Newswise — On July 20, 1969, Apollo 11 astronauts Neil Armstrong and Edwin "Buzz" Aldrin became the first humans ever to set foot on the moon. It was an event that captured the world's imagination and inspired a generation of scientists and researchers.
In honor of the 40th anniversary of that historic event, we asked Johns Hopkins faculty members to reflect on their memories of Armstrong's "one small step for man, one giant leap for mankind." Following are some comments from astrophysicists from the Henry A. Rowland Department of Physics and Astronomy at the Johns Hopkins Krieger School of Arts and Sciences and the Johns Hopkins Applied Physics Laboratory; as well as from a science historian from the Krieger School of Arts and Sciences and an engineer from the Whiting School of Engineering.
Richard Conn Henry, Henry A. Rowland Department of Physics and Astronomy:
"I was walking along Bloor Street in Toronto, as a beginning undergraduate, when I bought a newspaper and learned that Sputnik had been launched. I was on a plane, my first visit to South America, and remember looking out the window at the moon and thinking that, for the first time, men were on their way to the moon --- Apollo 8. So, when I knew that men would walk on the moon for the first time, by gum, I decided to be there, and at my own expense bought a ticket to Florida and I still in my mind's eye see that beautiful plume of white against a cloudless sky as Neil Armstrong and Buzz Aldrin and Michael Collins headed for the moon. I was at Professor Paul Feldman's house in Baltimore when we heard, live, on the radio 'the Eagle has landed.' I was at a colleague's apartment in Virginia when Armstrong said 'one small step.' My mother was born before the Wright Brothers flew, and she lived to see men walking on the moon. Glory, glory, glory! And, thanks to Professor Bill Fastie of The Johns Hopkins University, I got to personally become a principal investigator in the United States Lunar Program and to be a co-investigator (with Professor Feldman) in the Johns Hopkins ultraviolet experiment on Apollo 17. We even got to eat Chinese food in the famous control room, as the three astronauts slept their final sleep in space on the way home!"
William Blair, Henry A. Rowland Department of Physics and Astronomy:
"I am probably the classic case of a kid who grew up during the Mercury, Gemini, and Apollo era. I was between my sophomore and junior years of high school during the summer of Apollo 11, and not only was I entranced by the moon landing and all things NASA, but I was inspired into pursuing a technical career. After majoring in physics and math, I obtained a Ph.D. in astronomy and came to Johns Hopkins in 1984, first to work on the Hopkins Ultraviolet Telescope project (a space shuttle borne telescope that flew in 1990 and 1995), and then for the last 12 years to help operate the Far Ultraviolet Spectroscopic Explorer (FUSE) mission. It is a career path that I could not have imagined that night 40 years ago as I watched that 'one small step' on a grainy black and white TV set in my parents' living room. But I'm sure I am doing what I am today because of that experience."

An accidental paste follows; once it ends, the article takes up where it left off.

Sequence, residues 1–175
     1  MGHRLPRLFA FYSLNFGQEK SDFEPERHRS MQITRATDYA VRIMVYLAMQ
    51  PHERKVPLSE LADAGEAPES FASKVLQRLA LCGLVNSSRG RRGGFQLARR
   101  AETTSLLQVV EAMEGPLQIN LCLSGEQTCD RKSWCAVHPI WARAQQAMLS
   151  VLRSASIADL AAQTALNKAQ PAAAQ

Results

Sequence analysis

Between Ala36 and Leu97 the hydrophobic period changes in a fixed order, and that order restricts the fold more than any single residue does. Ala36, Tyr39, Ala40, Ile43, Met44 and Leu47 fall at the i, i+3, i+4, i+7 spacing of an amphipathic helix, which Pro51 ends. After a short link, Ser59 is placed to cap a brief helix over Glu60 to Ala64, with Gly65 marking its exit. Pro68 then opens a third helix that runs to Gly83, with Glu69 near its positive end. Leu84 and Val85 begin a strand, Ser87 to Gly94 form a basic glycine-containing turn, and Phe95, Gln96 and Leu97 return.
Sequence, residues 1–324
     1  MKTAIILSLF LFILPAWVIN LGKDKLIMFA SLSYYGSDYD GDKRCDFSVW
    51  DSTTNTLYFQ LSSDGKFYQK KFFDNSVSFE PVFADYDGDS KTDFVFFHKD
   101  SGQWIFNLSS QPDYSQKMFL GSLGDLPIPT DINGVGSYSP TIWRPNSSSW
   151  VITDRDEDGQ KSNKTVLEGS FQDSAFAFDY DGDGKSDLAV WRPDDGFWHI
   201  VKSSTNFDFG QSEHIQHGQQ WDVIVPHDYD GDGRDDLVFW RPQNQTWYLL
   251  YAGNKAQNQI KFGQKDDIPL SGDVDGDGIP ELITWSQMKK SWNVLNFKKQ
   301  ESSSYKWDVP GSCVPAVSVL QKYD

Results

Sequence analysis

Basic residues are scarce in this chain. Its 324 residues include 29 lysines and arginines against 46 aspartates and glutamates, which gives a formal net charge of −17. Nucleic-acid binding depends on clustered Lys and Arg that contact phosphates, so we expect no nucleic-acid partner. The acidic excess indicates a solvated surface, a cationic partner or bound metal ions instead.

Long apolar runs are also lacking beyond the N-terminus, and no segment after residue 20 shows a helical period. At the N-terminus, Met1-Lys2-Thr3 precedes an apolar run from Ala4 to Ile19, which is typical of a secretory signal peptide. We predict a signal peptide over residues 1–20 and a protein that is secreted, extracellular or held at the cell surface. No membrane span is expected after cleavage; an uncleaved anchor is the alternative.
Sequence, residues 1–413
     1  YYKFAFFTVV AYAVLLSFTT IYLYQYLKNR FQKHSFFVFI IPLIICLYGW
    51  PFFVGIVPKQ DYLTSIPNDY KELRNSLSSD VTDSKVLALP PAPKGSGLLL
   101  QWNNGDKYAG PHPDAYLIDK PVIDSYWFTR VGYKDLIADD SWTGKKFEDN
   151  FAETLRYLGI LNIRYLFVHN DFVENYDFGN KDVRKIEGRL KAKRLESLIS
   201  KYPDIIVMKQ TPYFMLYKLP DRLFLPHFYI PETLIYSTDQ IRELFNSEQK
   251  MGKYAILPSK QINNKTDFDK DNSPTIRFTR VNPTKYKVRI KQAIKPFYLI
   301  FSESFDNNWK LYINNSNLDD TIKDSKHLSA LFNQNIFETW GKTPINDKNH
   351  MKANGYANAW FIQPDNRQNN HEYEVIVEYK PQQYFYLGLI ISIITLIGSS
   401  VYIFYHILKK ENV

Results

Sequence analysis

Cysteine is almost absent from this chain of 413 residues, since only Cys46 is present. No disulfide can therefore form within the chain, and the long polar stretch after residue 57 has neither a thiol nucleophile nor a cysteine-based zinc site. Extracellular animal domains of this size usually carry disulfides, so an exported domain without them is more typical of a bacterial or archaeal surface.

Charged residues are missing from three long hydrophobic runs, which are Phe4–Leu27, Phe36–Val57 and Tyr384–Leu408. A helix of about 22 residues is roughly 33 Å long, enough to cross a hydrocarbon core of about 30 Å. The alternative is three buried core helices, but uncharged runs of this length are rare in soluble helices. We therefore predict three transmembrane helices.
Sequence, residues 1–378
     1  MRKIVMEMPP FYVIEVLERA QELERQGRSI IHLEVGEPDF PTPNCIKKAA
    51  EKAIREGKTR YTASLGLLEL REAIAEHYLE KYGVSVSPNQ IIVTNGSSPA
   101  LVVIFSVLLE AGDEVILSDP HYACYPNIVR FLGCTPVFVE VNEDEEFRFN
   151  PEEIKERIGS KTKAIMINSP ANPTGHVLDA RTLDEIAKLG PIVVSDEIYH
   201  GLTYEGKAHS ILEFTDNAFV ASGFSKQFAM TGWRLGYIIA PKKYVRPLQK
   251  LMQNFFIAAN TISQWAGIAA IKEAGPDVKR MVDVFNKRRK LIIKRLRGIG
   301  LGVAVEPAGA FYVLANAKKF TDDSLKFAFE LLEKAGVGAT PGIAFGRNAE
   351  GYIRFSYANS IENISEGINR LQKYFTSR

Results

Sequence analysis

John Sommerer, Johns Hopkins Applied Physics Laboratory:
"My thoughts about the Apollo anniversary both center on my reaction at the time to the famous plaque attached to Eagle's front landing strut. The plaque is inscribed: 'Here men from the planet Earth first set foot on the moon; July 1969 A.D.; we came in peace for all mankind.' First, I realized even as those words were read that probably never again would people make such a big leap, in relative terms. If non-human, space-faring life forms ever found that plaque (and understood it) they'd date humanity's joining the universe's sentient species from that moment. It would be the single most important thing that people had ever done. Second, I felt uncomfortable even then with the language: 'men' and 'mankind.' It was true that Armstrong and Aldrin were both men, but it smacked of a lack of imagination that was ironic given the audacity of Apollo. How much better it would have been if we had written 'people' and 'humankind' respectively. The first word would have included half the world's people; the second would have kept squarely in view one of the main reasons for the effort: to find out whether or not we are alone in the universe."
Alice Bowman, Johns Hopkins Applied Physics Laboratory:
"It's amazing how far space exploration and our knowledge of the universe have come since man walked on the moon. Most of this advancement grew from the excitement over space travel that Apollo generated. I was a grade-schooler during the Apollo program, and it was Apollo and its astronauts that influenced me to choose a career in space exploration. These guys were (and still are) my heroes! I recently visited the old test site of the rockets used to launch Apollo. Despite the signs of more than 40 years of age, it was awe-inspiring to stand among these test stands and imagine the excitement and furor of those days. Many chose a career in space because of Apollo " and that has positioned the United States as a leader in manned and robotic space exploration. We owe a lot to the dedication of the men and women who made the Apollo program such a success and bright beacon for us all to follow."
Jonathan Bagger, Henry A. Rowland Department of Physics and Astronomy:
"I watched the moon landing on a small black and white TV in a mess hall at the Boy Scout Jamboree in Coeur D'Alene, Idaho. From that trip, I mostly remember cutting off the tip of my finger chopping onions, and visiting Haight Ashbury in San Francisco afterwards in my Boy Scout uniform. The locals must have thought they were tripping to see us all in our green knee socks...."